What did you bribe yourself with to make yourself write?
Nothing very original, honestly. A bowl of ice cream. A glass of wine. Just a treat of some sort once I had written the scene. And usually what I’d do, in such circumstances, was write a really rough version of the scene just to get my reward. But that still helped because, as I said, I so prefer editing to writing that even a very rough version is a big step forward for me. The other thing I did was use the stick—that is, if ice cream and wine were carrots, running was the stick. I run a lot, but I kind of hate it—I always dread going even though I feel so good after. Many times, I’ve put on gym clothes and said to myself that I have only two choices: writing or running. So writing became a way of putting off running until later. I got a lot written that way.

Which contemporary writers do you think deserve to be more widely read?
I love The Millstone by Margaret Drabble, a book about a single woman in London who gets pregnant from a one-night stand. It’s very sly and very smart, and is as much about liberal guilt as it is about pregnancy. But that’s from the 1960s, so maybe I should get more recent? One contemporary author I think everyone should read is Gary Sernovitz, who has published two excellent novels, Great American Plain and The Contrarians. Great American Plain impressed me so much for its empathy—the book follows three struggling young people whose paths cross one day at a Midwestern agricultural fair, and is touching and heartbreaking and very sharp about its characters’ emotions and about class in the American heartland. Sernovitz’s second novel, The Contrarians, is also very smart, and it’s great book about being young in New York. It’s set in the world of finance and describes the lives of ambitious analysts a couple years out of college. Like Great American Plain, it is full of much very sharp—and funny—cultural observation.

I imagine that as you were working on this novel, you thought about how you might feel when it got published. How closely has the reality matched up with what you hoped for, or predicted?
I don’t think I had any idea how anxious I’d be! I’ve definitely been having trouble sleeping. I wake up around five most nights (mornings?) in a panic about an email I haven’t returned or something like that. As for whether the overall experience conforms to my expectations, it’s hard to say. I tried really hard to keep myself from thinking too much about what might happen. That was just a matter of self-protection. You have no idea how your book will be received or to what degree people will be interested in it. I didn’t want to set myself up for disappointment.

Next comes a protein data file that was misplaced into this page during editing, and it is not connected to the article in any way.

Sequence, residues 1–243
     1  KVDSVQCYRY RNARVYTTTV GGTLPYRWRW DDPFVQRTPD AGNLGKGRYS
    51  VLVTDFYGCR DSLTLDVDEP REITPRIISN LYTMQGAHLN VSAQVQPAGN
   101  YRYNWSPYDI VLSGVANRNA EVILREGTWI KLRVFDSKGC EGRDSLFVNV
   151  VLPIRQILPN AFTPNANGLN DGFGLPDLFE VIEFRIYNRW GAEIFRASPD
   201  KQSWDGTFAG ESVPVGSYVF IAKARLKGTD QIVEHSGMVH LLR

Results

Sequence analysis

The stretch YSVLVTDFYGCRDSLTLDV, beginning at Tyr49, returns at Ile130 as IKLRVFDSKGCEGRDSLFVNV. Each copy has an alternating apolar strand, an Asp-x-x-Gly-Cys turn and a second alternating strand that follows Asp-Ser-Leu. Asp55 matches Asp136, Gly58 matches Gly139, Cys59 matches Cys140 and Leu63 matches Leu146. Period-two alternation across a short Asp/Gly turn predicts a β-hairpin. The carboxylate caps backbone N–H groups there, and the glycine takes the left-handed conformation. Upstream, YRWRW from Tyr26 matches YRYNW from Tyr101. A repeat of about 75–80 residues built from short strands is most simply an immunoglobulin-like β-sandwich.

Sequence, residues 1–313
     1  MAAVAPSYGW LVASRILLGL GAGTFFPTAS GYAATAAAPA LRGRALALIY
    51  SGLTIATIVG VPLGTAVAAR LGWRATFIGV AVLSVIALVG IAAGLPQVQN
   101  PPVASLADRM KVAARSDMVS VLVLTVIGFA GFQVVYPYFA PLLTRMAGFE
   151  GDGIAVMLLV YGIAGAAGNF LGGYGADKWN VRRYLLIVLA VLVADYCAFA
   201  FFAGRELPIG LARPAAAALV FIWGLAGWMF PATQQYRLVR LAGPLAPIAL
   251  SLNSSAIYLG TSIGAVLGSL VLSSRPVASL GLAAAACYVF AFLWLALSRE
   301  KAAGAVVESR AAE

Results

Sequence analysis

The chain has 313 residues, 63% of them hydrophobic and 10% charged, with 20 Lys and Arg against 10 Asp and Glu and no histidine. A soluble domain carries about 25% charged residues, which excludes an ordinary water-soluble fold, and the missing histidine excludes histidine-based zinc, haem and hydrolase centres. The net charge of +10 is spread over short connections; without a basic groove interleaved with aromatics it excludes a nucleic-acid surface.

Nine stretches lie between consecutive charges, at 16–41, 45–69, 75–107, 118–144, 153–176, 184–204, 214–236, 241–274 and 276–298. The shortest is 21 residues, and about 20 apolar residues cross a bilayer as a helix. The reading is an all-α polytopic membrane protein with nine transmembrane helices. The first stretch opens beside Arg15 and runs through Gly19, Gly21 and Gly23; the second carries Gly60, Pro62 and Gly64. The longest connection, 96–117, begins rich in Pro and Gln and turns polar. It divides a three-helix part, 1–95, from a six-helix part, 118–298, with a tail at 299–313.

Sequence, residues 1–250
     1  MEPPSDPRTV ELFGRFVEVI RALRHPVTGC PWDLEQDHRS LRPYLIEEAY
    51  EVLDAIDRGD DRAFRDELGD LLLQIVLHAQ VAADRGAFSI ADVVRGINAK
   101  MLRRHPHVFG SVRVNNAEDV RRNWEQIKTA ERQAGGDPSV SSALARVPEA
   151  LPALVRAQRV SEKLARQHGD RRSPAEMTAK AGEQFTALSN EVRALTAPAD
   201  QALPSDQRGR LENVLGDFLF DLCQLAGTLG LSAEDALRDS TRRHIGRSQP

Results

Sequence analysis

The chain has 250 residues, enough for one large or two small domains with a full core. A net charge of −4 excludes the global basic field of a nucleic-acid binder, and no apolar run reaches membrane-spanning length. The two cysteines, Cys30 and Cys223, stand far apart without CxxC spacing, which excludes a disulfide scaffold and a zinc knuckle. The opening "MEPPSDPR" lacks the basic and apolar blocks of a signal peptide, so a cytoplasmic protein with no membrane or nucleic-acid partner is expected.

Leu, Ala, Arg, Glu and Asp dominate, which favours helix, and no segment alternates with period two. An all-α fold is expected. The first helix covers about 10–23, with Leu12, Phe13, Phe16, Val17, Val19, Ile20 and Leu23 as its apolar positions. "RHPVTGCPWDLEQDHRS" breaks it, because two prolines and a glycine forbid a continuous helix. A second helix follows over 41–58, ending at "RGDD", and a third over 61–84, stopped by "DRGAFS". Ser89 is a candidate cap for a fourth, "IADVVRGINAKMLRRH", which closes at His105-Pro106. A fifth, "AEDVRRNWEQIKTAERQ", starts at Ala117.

Meg Wolitzer has written about the way literary fiction by women gets saddled with ultra-feminine cover imagery (laundry on a line, feet on a beach, the back of a little girl’s head). The cover of your book is beautiful and doesn’t scream, “I am a novel by a woman! Stay away, men!” How did the cover come into being? Do you think the design was influenced by your protagonist’s gender?
Wolitzer’s piece definitely influenced my thinking. When I was asked by my editor about ideas for my book’s cover, it was the first thing I brought up. Luckily my editor and cover designer were all on the same page. We wanted a cover that would appeal to both men and women. But I should add that I wish this weren’t such an issue. I think the perception that books written by women are for women is a problem. I suspect my book has benefited because it is told from the perspective of a male protagonist, but that’s obviously problematic. There are, of course, many excellent books by women about female protagonists. Women shouldn’t have to write from the perspective of a male character in order to be read by men.

Being married in Brooklyn is (blessedly) different than dating in Brooklyn. Any plans to tackle married life in your next book?
The thought of the next book makes me sigh. I miss working on a novel—my life feels a bit lonely without Nate and his friends taking up so much room in my head. But in the past few months, I’ve been so distracted by and busy with promoting this book that I haven’t had a chance to start the next one. I do have an idea, though, and marriage plays into it, although I’m not sure it’s the subject.

Have you read this wonderful novel yet? What did you think of Nate?